Literati or Shohin: It's your call

bonsai barry

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Here is a pine that I picked up in the discard pile of a landscape nursery about a year ago. I think it could be used as either a literati (about three feet tall) or a shohin informal upright (about 10 inches tall). I've included a photo of the tree as it now stands and two poor virts showing what it might look like either as a Literati or a shohin.

What do you think?
 

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John Ruger

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I'm partial to shohin, but definately a literati is the way to go.

Good luck with it!
 

capnk

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The literati styling is great!
 

treebeard55

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Scots pine, right? (Pinus sylvestris)

They're prone to a natural bunjin look as they mature in the wild. That's one reason why I also vote for the bunjin concept for this tree.
 

rockm

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I think shohin.

Just because a trunk is long lanky and has bends in it doesn't make it an immediate candidate for literati. That assumption is a common one and a reason why there are so many ugly literati trees out there. The bends in this trunk aren't really artful. They're awkward. The trunk gracefully flows to a point, then a sharp angle, more flow--tuft of foliage... Not a good literati. No rhythm, which is what a thin literati trunk is about...

Shohin would be a better choice. Above the chop mark, there really isn't a lot of interest...
 

mcpesq817

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I think shohin.

Just because a trunk is long lanky and has bends in it doesn't make it an immediate candidate for literati. That assumption is a common one and a reason why there are so many ugly literati trees out there. The bends in this trunk aren't really artful. They're awkward. The trunk gracefully flows to a point, then a sharp angle, more flow--tuft of foliage... Not a good literati. No rhythm, which is what a thin literati trunk is about...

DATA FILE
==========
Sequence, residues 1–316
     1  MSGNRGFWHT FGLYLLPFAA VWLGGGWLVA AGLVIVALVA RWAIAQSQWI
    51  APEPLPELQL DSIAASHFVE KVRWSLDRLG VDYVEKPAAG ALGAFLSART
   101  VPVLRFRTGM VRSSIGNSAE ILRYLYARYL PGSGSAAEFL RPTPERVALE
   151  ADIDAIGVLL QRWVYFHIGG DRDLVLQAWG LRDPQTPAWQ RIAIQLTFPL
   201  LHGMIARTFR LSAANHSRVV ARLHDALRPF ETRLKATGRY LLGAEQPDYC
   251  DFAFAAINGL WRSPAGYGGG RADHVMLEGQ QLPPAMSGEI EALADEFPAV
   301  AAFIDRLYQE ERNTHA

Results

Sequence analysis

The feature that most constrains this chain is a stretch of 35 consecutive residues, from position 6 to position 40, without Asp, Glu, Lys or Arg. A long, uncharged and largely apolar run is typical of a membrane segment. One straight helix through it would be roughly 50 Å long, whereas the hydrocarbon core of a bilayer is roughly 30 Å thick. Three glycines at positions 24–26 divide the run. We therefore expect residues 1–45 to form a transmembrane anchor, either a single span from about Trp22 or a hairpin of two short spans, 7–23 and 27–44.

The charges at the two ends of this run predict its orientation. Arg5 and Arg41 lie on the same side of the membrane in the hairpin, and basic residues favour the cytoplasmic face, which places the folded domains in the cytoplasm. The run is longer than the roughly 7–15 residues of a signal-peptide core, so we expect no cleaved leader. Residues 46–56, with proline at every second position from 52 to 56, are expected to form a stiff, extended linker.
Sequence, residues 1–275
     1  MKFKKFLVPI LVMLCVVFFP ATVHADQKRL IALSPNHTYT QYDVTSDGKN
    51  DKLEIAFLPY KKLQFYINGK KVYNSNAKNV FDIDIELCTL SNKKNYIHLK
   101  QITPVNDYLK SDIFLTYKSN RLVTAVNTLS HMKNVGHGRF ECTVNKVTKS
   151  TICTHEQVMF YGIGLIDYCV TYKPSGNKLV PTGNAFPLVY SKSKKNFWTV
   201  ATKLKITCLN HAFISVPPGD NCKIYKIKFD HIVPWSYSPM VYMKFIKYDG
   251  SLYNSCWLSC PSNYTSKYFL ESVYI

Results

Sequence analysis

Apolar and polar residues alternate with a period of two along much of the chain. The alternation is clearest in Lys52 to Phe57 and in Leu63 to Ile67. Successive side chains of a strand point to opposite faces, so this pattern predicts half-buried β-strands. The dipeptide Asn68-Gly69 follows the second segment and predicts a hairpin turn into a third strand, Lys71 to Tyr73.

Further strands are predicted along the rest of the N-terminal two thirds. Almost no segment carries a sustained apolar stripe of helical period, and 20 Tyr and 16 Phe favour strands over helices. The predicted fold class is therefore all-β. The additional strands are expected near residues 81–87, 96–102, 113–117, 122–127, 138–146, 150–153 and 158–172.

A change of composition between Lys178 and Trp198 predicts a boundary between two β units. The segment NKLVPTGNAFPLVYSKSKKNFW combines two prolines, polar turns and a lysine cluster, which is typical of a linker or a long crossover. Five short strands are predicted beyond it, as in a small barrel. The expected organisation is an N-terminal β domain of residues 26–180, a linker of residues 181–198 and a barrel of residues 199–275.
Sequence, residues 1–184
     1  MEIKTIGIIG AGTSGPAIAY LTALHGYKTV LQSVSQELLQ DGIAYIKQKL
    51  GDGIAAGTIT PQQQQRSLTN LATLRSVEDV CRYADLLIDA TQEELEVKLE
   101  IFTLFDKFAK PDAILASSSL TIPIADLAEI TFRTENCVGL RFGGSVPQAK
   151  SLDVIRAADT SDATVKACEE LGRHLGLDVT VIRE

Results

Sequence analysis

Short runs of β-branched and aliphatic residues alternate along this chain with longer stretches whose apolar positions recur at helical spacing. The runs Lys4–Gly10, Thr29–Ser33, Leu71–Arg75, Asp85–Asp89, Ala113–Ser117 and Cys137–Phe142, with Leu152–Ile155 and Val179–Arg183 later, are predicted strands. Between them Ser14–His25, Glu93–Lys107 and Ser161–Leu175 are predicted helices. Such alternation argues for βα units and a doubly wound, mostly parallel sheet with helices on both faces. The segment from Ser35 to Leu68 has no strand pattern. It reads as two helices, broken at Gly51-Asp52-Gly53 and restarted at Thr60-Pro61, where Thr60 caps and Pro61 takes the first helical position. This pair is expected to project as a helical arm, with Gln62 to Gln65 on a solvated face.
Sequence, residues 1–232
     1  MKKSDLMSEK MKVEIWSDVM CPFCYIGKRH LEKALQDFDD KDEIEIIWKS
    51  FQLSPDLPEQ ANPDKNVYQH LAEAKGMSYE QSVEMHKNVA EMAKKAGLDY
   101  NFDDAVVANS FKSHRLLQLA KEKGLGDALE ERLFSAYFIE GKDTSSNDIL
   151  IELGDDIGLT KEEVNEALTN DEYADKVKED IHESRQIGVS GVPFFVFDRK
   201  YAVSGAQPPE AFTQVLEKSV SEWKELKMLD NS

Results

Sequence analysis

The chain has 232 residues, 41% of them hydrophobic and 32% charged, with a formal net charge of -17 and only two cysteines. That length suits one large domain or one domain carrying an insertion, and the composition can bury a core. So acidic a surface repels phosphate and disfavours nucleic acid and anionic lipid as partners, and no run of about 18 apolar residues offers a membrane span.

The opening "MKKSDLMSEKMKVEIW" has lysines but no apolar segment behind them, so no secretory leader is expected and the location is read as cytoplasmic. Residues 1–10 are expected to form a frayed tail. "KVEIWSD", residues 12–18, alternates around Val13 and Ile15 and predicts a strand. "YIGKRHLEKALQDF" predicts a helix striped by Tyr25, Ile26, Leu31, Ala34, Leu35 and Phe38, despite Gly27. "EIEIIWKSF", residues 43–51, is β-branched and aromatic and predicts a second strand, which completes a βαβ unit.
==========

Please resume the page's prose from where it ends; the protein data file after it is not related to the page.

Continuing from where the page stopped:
Shohin would be a better choice. Above the chop mark, there really isn't a lot of interest...

Also, you're fortunate to have all those low branches on a pine. I'd go shohin too.
 

Redwood Ryan

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I would vote for Shohin as well. Aren't pines difficult to air layer?
 

october

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This is a good question here... They both seem appealing..Sometimes, it helps to just rephrase exactly what they see, while trying to be neutral, instead of an opinion. If you do go with a literati, although they are not rule ridden, there are some points here to address.. As a literati, the tree seems to curve away from and then towards the viewer etc.. Sometimes this, in itself, can be a distraction, sometimes, not necessarilly for the viewer, but for the artist. Everyday ,he/she will have to see this tree from the side and see how it does this S curve, not side to side, but front to back...Also, there is the sharp point as mentioned earlier. Once it is a literati, it will never be able to be anything but a literati. Not saying this in a bad way

If you go with a shohin, you are in it for a lot more work and much more time. However, I think the reward will be greater. If you do go with shohin, you will basically be starting from nothing and have to grow the whole tree. I do not say this as a deterent, but rather a positive. In the future you will look back and feel proud that you created this tree from the beginning. Also, a pine of this size and started from the beginning to get it just right, would be a highly prized bonsai.

ok...lol.. those are the facts... Now for opinion...I would probably go for the shohin and search for another tree that might make a better literati...lol..

Rob
 

rockm

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"Air layer and have both"